Katie and Kristen are two sisters who set out to find cool, boyish dolls for their sons and ended up creating a collection themselves when the market came up short. We were ecstatic to create the Boy Story logo and identity, especially knowing how important the right visuals are when getting a new product onto shelves at brick-and-mortar stores.
Boy Story offers Action Dolls and pairs them with comic book-style stories that feature the dolls on a big adventure. We knew that catching the eyes of young boys, girls, their parents (and stores!) would require tapping into their unique sense of fun and excitement.
Our designer Sarah got to work on the logo first. It’s a fundamental part of a brand, usually guiding future design choices like web design, packaging, social media visuals, and even little things like business cards and thank you notes. Katie and Kristen were creating the kind of high-quality dolls that stay in a family for generations, so they really wanted a visual identity made up of a “collectible and classic image along with a cool, fun, adventurous feel that will spark boys interest.” They pictured the dolls and books in boutique stores as well as large chains like Whole Foods, Amazon, and Nordstrom.
Because it would be used for the company as well as their series of books, Katie and Kristen needed both a symbolic graphic logo and a spelled out logo. Together with Sarah, the three swapped illustration and typeface inspiration on Pinterest, which helped Sarah come up with a first round of logo concepts. Centered around the idea of a boy becoming lost in a story, they included visual treatments of a boy reading, a boy reading with friends, and a silhouette of a boy reading in a camping tent.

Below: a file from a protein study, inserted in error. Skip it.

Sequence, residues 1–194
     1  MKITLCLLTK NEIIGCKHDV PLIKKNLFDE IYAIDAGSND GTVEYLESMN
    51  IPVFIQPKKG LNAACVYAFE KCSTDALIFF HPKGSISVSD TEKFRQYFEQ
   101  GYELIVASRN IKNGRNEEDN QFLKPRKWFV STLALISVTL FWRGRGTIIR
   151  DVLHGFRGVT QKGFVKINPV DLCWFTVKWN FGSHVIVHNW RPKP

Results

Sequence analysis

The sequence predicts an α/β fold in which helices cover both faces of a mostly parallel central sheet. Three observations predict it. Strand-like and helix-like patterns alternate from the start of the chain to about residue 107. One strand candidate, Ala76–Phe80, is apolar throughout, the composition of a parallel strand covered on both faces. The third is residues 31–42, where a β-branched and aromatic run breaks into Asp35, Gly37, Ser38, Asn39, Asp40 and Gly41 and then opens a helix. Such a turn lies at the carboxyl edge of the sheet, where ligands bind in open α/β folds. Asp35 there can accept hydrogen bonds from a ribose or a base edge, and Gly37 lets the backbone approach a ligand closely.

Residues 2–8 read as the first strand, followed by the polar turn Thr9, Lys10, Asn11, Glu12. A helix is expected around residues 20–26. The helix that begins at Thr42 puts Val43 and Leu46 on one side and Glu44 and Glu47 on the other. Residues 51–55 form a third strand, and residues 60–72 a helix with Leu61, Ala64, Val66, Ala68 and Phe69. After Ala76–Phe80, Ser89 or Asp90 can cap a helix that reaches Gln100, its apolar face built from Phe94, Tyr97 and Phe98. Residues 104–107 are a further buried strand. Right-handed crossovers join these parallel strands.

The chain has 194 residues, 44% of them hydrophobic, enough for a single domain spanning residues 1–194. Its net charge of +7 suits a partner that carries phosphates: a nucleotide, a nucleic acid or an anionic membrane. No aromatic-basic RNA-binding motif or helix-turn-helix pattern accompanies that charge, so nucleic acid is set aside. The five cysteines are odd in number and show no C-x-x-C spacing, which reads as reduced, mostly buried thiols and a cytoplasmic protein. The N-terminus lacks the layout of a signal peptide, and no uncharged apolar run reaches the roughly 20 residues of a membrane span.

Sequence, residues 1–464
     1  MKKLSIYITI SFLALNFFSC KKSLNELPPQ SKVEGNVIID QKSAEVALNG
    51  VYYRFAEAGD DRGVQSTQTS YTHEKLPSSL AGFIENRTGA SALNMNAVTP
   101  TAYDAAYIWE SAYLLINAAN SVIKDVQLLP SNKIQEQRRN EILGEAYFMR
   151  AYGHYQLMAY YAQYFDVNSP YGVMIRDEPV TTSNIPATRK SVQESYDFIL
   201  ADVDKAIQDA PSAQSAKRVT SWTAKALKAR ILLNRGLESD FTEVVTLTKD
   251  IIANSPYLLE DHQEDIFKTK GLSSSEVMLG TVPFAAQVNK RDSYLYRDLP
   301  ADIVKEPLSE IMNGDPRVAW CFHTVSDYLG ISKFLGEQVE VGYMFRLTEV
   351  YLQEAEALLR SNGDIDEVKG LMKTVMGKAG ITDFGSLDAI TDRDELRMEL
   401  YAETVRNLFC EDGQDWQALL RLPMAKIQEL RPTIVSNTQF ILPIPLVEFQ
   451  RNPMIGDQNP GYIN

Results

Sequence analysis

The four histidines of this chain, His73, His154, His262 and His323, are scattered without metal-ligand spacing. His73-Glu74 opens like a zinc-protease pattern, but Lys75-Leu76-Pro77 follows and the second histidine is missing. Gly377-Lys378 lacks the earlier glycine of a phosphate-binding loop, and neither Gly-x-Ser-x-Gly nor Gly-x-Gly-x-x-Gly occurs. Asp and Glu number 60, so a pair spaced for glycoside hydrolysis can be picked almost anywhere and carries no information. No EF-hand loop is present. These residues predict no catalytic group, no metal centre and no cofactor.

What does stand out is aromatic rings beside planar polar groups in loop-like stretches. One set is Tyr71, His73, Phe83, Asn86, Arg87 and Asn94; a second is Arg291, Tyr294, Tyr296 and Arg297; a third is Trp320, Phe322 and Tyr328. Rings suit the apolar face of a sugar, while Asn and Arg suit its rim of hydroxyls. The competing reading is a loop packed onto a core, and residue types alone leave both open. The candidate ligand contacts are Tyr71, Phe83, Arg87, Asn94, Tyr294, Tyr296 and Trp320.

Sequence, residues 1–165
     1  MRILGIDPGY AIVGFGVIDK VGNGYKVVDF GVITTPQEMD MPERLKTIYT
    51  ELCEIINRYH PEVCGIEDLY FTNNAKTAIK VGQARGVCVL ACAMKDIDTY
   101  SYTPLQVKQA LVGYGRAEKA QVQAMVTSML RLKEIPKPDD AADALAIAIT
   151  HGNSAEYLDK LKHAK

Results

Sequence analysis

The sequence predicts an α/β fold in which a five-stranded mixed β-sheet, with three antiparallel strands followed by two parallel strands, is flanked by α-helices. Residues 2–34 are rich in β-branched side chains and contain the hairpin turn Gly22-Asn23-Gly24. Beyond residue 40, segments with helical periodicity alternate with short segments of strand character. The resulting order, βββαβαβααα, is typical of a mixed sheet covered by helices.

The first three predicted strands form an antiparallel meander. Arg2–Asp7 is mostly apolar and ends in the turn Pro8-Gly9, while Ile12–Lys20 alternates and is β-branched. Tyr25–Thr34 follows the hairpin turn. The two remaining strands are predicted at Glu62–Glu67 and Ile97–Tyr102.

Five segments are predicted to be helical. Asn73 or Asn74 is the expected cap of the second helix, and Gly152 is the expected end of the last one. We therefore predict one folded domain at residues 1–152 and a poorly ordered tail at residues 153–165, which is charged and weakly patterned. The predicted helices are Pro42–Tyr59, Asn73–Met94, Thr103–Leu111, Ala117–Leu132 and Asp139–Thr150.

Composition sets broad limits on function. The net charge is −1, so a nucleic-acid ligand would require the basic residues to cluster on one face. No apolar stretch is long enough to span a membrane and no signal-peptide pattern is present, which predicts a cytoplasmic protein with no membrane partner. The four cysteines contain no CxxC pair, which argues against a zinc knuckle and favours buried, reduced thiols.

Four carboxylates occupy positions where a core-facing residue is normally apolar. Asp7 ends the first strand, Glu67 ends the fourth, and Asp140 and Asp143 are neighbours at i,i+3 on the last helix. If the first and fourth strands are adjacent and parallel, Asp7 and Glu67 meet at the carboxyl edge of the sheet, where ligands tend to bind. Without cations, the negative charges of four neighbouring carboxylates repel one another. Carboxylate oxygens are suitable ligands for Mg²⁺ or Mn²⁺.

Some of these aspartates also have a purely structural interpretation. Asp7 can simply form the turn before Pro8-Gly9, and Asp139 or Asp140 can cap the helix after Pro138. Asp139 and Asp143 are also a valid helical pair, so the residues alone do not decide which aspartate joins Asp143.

Katie and Kristen were excited about this first round, and gave wonderfully detailed explanations of what they liked—such as the stars and the moons in one of the concepts, the typeface used in another—as well as what they didn’t feel would connect with their audience (for example, they didn’t want to use actual faces in the branding). Ultimately their helpful feedback steered the project in a better direction: “You are capturing the cute side of it, which we love, but we feel like the cool side is missing a little bit. We have to remember that not only are we selling to the moms, but we are selling to the little boys who need to see it and think it’s cool.”
Newly inspired, Sarah submitted a fresh batch of logo concepts that explored new typography directions, a Captain America inspired design, and a more textured, hand-drawn looking design that played with a slightly roughed up look. This time around, Katie and Kristen were excited about two specific designs, and they asked Sarah to continue exploring them. They liked the color and textures involved, and wanted to see it with different font options.
The logo began to take shape, lending itself nicely to symbolic graphic options as well. “We love the font and LOVE the way that the “B” has come together. We really like how the swirl looks now coming off the plane too.”
Doesn’t it just look like the adventure’s about to begin? That’s how Sarah felt designing it. With the main Boy Story logo approved, she got to work on accompanying elements, like the color palette, graphic elements made up of a baseball, a plane, and a B, and the textures, patterns, and typefaces that would all come together throughout the Boy Story product packaging, stationary sets, and books.
Did we mention there were also stickers and buttons involved? Just imagine these goodies getting dropped into shopping bags at brick-and-mortar stores for a completely delightful branded experience!
Getting Products into Stores
Do you have a product you’re hoping to launch in retail stores soon? Contact us to get your logo and brand identity designed with an aim of getting products into stores.
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